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J Am Med Inform Assoc. 2017 Apr 1;24(e1):e207-e215. doi: 10.1093/jamia/ocw121.

Developing an evidence base of best practices for integrating computerized systems into the exam room: a systematic review.

Author information

1
Department of Health Behavior and Health Education, University of Michigan School of Public Health, Ann Arbor, MI.
2
Department of Health Management and Policy, University of Michigan School of Public Health, Ann Arbor, MI.
3
Department of Informatics, Donald Bren School of Information and Computer Sciences, University of California Irvine, Irvine, CA, USA.

Abstract

Objective:

The introduction of health information technology systems, electronic health records in particular, is changing the nature of how clinicians interact with patients. Lack of knowledge remains on how best to integrate such systems in the exam room. The purpose of this systematic review was to (1) distill "best" behavioral and communication practices recommended in the literature for clinicians when interacting with patients in the presence of computerized systems during a clinical encounter, (2) weigh the evidence of each recommendation, and (3) rank evidence-based recommendations for electronic health record communication training initiatives for clinicians.

Methods:

We conducted a literature search of 6 databases, resulting in 52 articles included in the analysis. We extracted information such as study setting, research design, sample, findings, and implications. Recommendations were distilled based on consistent support for behavioral and communication practices across studies.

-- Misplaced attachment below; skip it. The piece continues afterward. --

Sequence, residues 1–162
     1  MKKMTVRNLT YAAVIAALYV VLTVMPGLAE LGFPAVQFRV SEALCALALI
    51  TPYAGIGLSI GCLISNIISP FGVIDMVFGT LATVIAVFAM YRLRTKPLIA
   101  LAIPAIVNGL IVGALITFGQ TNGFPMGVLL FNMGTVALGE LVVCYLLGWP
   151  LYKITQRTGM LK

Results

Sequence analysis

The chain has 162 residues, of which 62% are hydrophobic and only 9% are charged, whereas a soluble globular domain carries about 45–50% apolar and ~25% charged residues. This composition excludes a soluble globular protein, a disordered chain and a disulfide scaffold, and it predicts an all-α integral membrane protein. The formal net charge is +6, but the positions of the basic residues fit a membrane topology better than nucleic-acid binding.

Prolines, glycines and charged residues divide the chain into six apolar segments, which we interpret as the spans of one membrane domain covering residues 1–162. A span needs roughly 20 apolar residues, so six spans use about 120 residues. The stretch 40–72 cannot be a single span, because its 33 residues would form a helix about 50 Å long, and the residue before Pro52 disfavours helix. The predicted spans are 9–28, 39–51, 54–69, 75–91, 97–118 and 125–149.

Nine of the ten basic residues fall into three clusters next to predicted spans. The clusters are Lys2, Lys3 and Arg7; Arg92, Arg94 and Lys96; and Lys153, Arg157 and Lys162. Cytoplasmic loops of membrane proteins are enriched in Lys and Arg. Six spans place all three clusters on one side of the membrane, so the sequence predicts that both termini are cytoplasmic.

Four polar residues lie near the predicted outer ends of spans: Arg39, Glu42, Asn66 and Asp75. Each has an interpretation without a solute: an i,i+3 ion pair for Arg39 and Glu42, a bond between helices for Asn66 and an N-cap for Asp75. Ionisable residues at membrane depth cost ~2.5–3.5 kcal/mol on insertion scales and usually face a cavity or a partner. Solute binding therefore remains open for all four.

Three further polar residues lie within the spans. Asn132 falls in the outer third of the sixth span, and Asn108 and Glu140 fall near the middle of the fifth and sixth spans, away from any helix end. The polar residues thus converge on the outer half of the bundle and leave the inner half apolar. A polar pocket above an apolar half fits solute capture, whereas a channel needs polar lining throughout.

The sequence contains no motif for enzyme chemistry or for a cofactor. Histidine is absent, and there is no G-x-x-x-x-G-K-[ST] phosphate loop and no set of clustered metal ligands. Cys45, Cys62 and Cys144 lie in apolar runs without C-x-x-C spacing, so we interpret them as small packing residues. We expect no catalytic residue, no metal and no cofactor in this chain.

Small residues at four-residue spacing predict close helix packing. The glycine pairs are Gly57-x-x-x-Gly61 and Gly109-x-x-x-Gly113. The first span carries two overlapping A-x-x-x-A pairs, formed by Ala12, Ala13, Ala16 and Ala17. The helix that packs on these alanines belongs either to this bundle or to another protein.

Results:

Eight behavioral and communication practices received strong support of evidence in the literature and included specific aspects of using computerized systems to facilitate conversation and transparency in the exam room, such as spatial (re)organization of the exam room, maintaining nonverbal communication, and specific techniques that integrate the computerized system into the visit and engage the patient. Four practices, although patient-centered, have received insufficient evidence to date.

Discussion and Conclusion:

We developed an evidence base of best practices for clinicians to maintain patient-centered communications in the presence of computerized systems in the exam room. Further work includes development and empirical evaluation of evidence-based guidelines to better integrate computerized systems into clinical care.

KEYWORDS:

electronic health records; evidence-base; health information technology; patient-clinician communication

PMID:
27539198
DOI:
10.1093/jamia/ocw121
[Indexed for MEDLINE]

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